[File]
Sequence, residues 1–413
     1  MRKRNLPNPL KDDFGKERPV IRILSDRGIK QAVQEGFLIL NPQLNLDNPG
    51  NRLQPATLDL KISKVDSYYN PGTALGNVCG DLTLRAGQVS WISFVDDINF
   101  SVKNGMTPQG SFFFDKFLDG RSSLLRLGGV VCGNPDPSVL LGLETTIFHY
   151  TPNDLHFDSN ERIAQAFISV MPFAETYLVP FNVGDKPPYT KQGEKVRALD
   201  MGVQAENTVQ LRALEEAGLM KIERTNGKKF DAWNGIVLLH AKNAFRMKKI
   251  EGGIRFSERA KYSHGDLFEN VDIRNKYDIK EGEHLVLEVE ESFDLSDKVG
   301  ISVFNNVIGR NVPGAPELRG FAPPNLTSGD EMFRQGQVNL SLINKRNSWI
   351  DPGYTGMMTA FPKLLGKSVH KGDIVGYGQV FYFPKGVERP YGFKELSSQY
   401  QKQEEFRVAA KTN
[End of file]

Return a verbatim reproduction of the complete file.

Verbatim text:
Sequence, residues 1–413
     1  MRKRNLPNPL KDDFGKERPV IRILSDRGIK QAVQEGFLIL NPQLNLDNPG
    51  NRLQPATLDL KISKVDSYYN PGTALGNVCG DLTLRAGQVS WISFVDDINF
   101  SVKNGMTPQG SFFFDKFLDG RSSLLRLGGV VCGNPDPSVL LGLETTIFHY
   151  TPNDLHFDSN ERIAQAFISV MPFAETYLVP FNVGDKPPYT KQGEKVRALD
   201  MGVQAENTVQ LRALEEAGLM KIERTNGKKF DAWNGIVLLH AKNAFRMKKI
   251  EGGIRFSERA KYSHGDLFEN VDIRNKYDIK EGEHLVLEVE ESFDLSDKVG
   301  ISVFNNVIGR NVPGAPELRG FAPPNLTSGD EMFRQGQVNL SLINKRNSWI
   351  DPGYTGMMTA FPKLLGKSVH KGDIVGYGQV FYFPKGVERP YGFKELSSQY
   401  QKQEEFRVAA KTN